New MakerSpace opens in Dana Engineering

Mamta Badlani, Staff Writer

The College of Engineering hosted the Oct. 21 grand opening of the new MakerSpace in Dana Engineering. The new MakerSpace is named Maker-E as a play on the word “bakery.” The name was selected as a part of a contest that asked for student entries.

The opening of the Maker-E was an opportunity for individuals to learn how to design electronics, make prototypes of new technologies, and test their ideas. There was live music by an electro-acoustic orchestra and a design-your-own vinyl sticker station, among other activities. Around 100 students, faculty, and alumni attended the opening.

“I engaged in and overheard several conversations with folks who were new to making in general or the Maker-E in particular. Everyone seemed very excited about the opportunities we are presenting,” Director of Electrical and Computer Engineering Laboratories Matt Lamparter said.

There are two other MakerSpaces on campus, one in the 7th Street Studio and the other in the Mooney Lab at the rear of Breakiron Engineering. While there is some overlap in the resources offered at each location, each MakerSpace maintains a few unique features. The 7th Street Studio and Mooney Lab locations both offer laser cutters that cut a range of materials from plastic to thin gauge steel, while the new Maker-E offers the capability to design and fabricate printed circuit boards.

The space is divided into four main areas dedicated to the different stages of design, which include generating an idea, modeling and design, assembly, and a final stage of testing. Each area has the appropriate tools and resources.

With a lounge fully equipped with comfortable furniture, a microwave, espresso machine, and USB charging ports, the space is designed to be a relaxing environment.

“I am excited to see how makers use our space, the projects they come up with, and the direction the Maker-E moves. We are hoping to be a community-driven space, and I am excited to see that community grow and take shape.  I am particularly excited to see what sorts of collaborations develop as non-engineers join the Maker-E,” Lamparter said.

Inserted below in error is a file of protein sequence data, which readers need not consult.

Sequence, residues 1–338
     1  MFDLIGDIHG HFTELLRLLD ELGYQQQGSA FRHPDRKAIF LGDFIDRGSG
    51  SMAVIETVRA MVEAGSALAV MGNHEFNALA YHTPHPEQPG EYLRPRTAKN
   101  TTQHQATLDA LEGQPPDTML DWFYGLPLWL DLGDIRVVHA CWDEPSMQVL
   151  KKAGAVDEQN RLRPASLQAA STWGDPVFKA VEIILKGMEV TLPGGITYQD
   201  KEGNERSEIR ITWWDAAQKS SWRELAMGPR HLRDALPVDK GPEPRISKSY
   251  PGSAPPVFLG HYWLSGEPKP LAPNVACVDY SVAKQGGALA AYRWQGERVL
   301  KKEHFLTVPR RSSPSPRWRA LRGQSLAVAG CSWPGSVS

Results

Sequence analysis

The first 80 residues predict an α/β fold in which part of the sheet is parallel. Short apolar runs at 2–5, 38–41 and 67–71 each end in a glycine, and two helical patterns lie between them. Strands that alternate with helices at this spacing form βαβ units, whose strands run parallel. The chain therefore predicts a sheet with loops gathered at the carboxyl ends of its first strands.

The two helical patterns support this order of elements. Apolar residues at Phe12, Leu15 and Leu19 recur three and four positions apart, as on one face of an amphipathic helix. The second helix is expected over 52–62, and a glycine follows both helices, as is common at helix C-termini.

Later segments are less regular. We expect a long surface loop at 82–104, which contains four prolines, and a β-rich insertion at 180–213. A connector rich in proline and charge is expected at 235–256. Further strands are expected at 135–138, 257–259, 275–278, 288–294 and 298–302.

The mission of the Maker-E and all MakerSpaces is to provide an inclusive space, open to all members of the University community, by providing the means to carry out personal projects. Individuals with an interest in making can access tools, materials, and instruction to execute their ideas. The process requires no previous experience.

“My hope is that people will walk away with a sense of empowerment and accomplishment, and a desire to come back, explore more ideas, and help build our community,” Lamparter said.

Greg Caso ’18 confirmed the inclusivity of the space.

“Even though I wasn’t an engineering major, the people there still took the time to teach me how to learn the software. I found the environment really approachable despite my lack of experience with the equipment. Thanks to the helpful instruction of the people there I’ve gotten better with the laser cutter, and I even used it to engrave a gift for my parents,” Caso said.

Lamparter affirmed that he wants the space to be used for both personal endeavors and academic curricular activities.

The Maker-E has plans to broaden the programming and events hosted in the space, with workshops directed toward the entire community.

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